The latest installment in Candice Hern's video series, "Things That Might Be Kept in a Reticule," is now available online. —Editor
The items featured in Part 2 of my video series, "Things that Might be Kept in a Reticule," are of a more personal nature. They represent items similar to what most women carry in their purses today: scents and cosmetics.
Image courtesy of Candice Hern
I collect all kinds of scent bottles from Jane Austen’s time, but as they are typically made of breakable materials— porcelain, cut glass, crystal—they would not have been appropriate to carry in a reticule. But I do collect another type of scent bottle that actually would have been carried in a reticule: a perfume étui. An étui is a French term for a portable container. There were sewing étuis used to carry needles and thread and tiny scissors and such, or writing étuis with tiny pens or pencils and sheets of ivory to write upon. Soldiers often carried eating utensils in an étui. I collect perfume étuis, which were tiny non-breakable containers to hold breakable scent bottles. Perfect to toss in one’s reticule. Perfume étuis came in a variety of materials. I’ll show you examples made of enamel, shagreen, and tortoiseshell.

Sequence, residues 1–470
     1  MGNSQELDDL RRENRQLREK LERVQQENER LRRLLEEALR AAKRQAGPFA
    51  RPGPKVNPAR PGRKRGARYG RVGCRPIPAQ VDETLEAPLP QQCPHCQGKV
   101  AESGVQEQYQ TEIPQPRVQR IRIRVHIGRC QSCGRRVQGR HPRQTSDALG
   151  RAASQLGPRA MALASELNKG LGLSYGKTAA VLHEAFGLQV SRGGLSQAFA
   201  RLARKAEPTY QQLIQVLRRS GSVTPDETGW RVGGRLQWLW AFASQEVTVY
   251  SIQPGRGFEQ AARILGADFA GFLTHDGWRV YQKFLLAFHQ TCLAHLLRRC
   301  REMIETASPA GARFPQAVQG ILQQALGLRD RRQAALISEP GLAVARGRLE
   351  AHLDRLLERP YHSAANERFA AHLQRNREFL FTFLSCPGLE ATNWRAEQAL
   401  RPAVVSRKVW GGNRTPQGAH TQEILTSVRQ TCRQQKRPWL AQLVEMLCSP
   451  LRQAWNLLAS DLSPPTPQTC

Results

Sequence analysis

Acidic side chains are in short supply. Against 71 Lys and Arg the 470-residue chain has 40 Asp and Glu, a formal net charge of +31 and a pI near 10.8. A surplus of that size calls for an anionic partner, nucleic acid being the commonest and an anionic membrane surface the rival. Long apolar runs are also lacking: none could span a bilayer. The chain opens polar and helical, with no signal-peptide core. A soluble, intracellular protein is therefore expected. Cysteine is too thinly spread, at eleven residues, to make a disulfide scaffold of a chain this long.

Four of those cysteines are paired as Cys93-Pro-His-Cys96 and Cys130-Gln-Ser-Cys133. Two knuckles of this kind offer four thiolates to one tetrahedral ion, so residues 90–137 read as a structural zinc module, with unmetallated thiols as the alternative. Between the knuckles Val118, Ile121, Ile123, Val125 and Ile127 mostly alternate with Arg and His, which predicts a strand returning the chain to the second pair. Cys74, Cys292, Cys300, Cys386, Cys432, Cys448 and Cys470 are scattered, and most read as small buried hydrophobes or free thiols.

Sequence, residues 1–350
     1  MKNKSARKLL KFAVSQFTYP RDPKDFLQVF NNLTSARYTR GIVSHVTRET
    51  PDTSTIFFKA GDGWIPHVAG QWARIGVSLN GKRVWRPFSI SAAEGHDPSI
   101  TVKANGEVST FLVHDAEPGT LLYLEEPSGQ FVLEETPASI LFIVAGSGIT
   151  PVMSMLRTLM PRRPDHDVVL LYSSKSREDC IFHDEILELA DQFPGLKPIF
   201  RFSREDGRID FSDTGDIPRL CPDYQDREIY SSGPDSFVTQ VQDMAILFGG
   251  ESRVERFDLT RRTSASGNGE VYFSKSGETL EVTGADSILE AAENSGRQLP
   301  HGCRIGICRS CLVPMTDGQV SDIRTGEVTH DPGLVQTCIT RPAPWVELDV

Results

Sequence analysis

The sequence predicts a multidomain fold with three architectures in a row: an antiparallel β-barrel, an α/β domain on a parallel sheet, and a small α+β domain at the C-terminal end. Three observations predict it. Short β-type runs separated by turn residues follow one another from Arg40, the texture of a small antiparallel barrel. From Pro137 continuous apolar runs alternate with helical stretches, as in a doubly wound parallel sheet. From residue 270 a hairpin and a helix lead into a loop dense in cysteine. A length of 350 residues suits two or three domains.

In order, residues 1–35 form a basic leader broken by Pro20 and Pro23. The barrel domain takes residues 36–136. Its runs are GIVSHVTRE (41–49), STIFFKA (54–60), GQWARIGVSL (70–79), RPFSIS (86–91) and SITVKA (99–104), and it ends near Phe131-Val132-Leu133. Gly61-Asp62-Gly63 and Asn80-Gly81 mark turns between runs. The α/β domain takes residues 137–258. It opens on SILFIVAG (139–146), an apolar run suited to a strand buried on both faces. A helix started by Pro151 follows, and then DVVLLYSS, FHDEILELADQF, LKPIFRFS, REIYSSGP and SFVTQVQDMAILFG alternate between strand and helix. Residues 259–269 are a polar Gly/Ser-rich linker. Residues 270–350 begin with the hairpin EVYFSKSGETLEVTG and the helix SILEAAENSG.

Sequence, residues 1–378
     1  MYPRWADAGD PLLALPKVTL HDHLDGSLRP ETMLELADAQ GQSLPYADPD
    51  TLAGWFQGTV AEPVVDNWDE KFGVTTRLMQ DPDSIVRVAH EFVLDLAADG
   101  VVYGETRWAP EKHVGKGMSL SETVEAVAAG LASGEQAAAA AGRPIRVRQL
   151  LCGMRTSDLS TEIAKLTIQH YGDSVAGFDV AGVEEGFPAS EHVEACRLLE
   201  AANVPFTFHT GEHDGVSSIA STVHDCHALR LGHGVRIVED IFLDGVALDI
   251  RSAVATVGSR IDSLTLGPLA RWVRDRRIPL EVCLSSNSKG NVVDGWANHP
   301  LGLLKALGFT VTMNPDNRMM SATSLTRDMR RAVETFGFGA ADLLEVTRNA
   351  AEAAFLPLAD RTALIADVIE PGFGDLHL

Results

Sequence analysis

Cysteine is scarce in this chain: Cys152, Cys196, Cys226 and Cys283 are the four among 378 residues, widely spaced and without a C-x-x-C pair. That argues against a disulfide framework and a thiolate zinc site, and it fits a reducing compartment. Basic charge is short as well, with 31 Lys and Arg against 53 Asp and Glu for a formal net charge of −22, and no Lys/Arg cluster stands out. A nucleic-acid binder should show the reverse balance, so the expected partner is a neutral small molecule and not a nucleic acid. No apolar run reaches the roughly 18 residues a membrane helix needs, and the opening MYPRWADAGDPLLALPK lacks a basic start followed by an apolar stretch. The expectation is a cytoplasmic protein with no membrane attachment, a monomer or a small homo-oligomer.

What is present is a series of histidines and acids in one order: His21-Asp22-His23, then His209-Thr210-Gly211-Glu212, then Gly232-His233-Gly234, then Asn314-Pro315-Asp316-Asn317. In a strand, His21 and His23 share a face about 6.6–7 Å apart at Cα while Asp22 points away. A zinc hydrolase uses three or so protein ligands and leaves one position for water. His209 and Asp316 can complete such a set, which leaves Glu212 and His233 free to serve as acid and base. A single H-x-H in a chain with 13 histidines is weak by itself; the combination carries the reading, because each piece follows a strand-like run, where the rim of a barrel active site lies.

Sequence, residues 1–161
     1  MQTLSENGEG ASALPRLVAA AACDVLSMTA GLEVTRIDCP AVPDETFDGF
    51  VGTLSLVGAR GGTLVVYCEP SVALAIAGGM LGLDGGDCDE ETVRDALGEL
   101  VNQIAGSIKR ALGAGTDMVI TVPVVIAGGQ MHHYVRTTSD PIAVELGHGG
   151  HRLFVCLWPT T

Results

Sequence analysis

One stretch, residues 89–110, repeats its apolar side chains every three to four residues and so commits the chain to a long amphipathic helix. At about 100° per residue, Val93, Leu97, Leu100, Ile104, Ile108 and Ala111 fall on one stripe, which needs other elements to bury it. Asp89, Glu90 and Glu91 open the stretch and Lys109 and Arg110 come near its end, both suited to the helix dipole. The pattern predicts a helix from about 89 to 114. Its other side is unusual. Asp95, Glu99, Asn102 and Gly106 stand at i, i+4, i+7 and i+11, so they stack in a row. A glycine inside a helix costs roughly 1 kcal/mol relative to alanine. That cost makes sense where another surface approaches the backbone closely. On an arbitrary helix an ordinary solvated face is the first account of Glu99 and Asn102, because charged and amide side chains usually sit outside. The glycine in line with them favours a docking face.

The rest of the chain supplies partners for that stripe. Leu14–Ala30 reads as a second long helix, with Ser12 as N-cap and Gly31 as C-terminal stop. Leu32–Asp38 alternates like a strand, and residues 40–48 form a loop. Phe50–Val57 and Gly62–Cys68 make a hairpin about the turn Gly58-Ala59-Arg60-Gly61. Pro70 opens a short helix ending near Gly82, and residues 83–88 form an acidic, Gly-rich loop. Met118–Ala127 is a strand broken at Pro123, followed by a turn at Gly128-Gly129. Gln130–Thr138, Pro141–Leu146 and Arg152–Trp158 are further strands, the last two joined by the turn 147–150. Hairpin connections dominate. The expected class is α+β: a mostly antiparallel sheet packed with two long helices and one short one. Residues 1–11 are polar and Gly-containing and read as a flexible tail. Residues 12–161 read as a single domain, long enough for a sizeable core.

If you carry a compact of pressed powder in your purse, you might be surprised to learn that ladies in Jane’s time carried something similar. You’ll see a couple of small cosmetic cases in this video. The first time I saw one of these at a favorite antique dealer, I just had to have it. The fact that it still had remnants of rouge in the little ivory containers was an extra inducement. Later, I found an almost identical case at a different dealer and, of course, I had to have it, too. They don’t show up that often, but I’m always on the look-out for another one.
The last item I share in this video is one of my favorite objects. I’ve never seen another one like it. I don’t want to give it away before you see it, but I think you’ll find it as charming as I do.
Copyright Candice Hern
Candice Hern is a New York Times and USA Today bestselling author of historical romance novels set during the English Regency, and her award-winning website is often cited for its extensive Regency World pages.